Flawed Research

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JIM CURRAN
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Flawed Research

Post by JIM CURRAN » Wed Feb 22, 2006 4:19 pm

“The RRF’s policy and (largely )the dearth of research supporting it are discussed in detail in Appendix B” ( Torgerson et al 2005 page 20 )
We know that there has been considerable problems with reputable research in the field of education. When the National Reading Panel examined the available research in the United States over a thirty year period they were badly handicapped by this lack of reputable research. I would have thought that good research was the job of the Academics. The lack of research can’t be laid at the door of the RRF.
For fifty years Frank Smith, Kenneth Goodman and other academics have produced the most dire and flawed research and nobody said too much about it. Bearing these facts in mind I think that the above comment From Torgerson et al ( 2005 ) are a bit much.

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Susan Godsland
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Post by Susan Godsland » Wed Feb 22, 2006 4:35 pm

In Blumenfeld's book, The Whole Language/OBE Fraud, he has a quote by Prof Patrick Groff where he says 'education periodicals tend not to accept manuscripts that criticize WL '(p85).

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Susan Godsland
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Post by Susan Godsland » Wed Feb 22, 2006 5:03 pm

Research on Child Development:
What We Can Learn from Medical Research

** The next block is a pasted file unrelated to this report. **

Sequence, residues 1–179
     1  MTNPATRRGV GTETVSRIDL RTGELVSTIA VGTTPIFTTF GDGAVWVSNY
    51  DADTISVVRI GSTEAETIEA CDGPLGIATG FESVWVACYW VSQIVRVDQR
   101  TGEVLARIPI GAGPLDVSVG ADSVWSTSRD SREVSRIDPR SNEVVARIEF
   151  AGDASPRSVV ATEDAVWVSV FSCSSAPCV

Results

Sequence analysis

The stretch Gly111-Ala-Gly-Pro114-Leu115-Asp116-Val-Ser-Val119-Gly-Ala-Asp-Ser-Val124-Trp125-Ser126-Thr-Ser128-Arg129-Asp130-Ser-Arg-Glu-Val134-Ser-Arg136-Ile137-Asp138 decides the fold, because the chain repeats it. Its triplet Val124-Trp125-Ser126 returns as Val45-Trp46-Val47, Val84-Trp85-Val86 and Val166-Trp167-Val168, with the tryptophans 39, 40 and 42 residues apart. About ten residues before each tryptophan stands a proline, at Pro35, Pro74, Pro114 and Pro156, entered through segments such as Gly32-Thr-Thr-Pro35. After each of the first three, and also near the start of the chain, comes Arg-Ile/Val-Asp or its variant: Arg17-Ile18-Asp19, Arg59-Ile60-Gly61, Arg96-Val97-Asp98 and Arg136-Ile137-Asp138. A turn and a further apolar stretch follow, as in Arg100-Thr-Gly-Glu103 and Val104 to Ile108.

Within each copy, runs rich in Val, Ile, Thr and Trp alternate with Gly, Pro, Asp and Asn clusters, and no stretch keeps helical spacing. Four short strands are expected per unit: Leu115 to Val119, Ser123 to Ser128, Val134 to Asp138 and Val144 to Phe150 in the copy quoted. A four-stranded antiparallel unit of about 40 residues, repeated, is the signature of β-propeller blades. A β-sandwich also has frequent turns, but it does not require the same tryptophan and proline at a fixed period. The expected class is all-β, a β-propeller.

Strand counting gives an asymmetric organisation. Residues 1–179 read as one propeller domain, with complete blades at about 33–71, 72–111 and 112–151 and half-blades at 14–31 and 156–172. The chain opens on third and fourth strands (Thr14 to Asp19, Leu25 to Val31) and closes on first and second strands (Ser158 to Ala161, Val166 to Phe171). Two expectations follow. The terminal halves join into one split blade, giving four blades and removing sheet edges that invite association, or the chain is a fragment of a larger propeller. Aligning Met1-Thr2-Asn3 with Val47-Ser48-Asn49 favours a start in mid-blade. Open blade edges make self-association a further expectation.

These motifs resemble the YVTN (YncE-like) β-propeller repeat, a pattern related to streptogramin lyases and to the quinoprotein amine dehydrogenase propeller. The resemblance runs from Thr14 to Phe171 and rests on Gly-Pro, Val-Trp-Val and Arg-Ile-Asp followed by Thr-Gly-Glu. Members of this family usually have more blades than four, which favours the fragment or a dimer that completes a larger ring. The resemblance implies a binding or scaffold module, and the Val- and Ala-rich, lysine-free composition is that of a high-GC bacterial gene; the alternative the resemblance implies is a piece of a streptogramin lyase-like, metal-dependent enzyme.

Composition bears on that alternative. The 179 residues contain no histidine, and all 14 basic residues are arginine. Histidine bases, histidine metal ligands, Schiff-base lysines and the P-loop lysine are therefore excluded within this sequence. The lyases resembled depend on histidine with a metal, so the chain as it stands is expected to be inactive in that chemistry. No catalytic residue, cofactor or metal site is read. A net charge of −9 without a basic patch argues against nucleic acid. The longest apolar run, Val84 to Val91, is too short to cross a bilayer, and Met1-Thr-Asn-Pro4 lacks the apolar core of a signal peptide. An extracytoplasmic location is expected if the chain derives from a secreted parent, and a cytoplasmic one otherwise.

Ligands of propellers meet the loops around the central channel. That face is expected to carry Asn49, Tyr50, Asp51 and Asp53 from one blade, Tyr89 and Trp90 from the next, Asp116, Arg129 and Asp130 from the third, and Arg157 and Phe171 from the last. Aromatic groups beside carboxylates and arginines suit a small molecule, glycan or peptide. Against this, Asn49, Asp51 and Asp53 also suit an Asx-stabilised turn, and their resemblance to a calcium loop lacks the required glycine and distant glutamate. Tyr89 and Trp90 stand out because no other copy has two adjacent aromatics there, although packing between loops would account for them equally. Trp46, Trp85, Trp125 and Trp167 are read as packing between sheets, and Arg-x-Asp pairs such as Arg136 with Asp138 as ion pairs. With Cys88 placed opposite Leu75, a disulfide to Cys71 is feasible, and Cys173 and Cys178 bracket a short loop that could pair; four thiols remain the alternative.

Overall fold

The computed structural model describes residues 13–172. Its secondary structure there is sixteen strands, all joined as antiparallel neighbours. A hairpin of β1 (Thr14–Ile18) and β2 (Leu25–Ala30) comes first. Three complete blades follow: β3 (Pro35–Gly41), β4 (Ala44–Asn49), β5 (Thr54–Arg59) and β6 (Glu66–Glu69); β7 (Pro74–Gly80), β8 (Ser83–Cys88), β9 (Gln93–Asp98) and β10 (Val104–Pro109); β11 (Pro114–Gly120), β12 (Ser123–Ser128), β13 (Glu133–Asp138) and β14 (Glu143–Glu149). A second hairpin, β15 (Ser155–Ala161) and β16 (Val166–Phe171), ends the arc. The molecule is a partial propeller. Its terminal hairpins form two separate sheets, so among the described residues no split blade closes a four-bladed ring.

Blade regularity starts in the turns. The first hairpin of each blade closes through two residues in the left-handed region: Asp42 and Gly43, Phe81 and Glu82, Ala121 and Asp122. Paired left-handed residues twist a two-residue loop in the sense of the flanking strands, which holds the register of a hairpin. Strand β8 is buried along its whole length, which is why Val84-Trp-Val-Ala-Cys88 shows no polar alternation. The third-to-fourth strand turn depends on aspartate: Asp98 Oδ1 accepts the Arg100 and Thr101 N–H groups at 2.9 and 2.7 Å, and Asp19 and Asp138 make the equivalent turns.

by Judith Rich Harris

(Invited talk given at a meeting of the Children's Roundtable,
Brookings Institution, Washington, DC, September 28, 2000)
Let me begin with a quote from a book on clinical epidemiology by Alvan Feinstein:

In medical science, almost every plausible concept that has been held throughout the centuries about the causes, mechanisms, and treatment of diseases has been either wholly wrong or so deficient that it was later overthrown and supplanted by other concepts. (Feinstein, 1985, p. 409).

The erroneous beliefs were overturned only when medical researchers finally put them to the test, by doing the right experiments. But even when the right experiments are done, it's very difficult to overthrow deeply entrenched beliefs. Quoting Feinstein again,

When the conclusion suggested by the research is compared with the belief held by the reader or by the scientific community, all further aspects of rational analysis may vanish. If the results confirm what we believe, the customary human tendency is to assume that they must be right. The research methods need not be examined closely because there is no need to do so. Having produced the right answer, the methods must also be correct. Conversely, if the results are contrary to what we believe, the research methods must be wrong, no matter how good they seem. . . . The greater or more entrenched the paradigm that is threatened by the research, the more likely is the reader to resist accepting the results and the more likely is the investigator to be assailed not merely for flawed research but also for flawed intellect or character. (Feinstein, 1985, p. 408)

No doubt you can think of examples of this kind of resistance. If not, you're out of luck, because that's not what I'm going to talk about today. I want to talk about the other half of Feinstein's statement: the fact that when data are consistent with deeply entrenched beliefs, the research methods aren't examined closely enough.
http://home.att.net/~xchar/tna/brooking.htm

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Debbie Hepplewhite
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Post by Debbie Hepplewhite » Wed Feb 22, 2006 5:41 pm

A wise man indeed!

bwking
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Post by bwking » Wed Feb 22, 2006 11:28 pm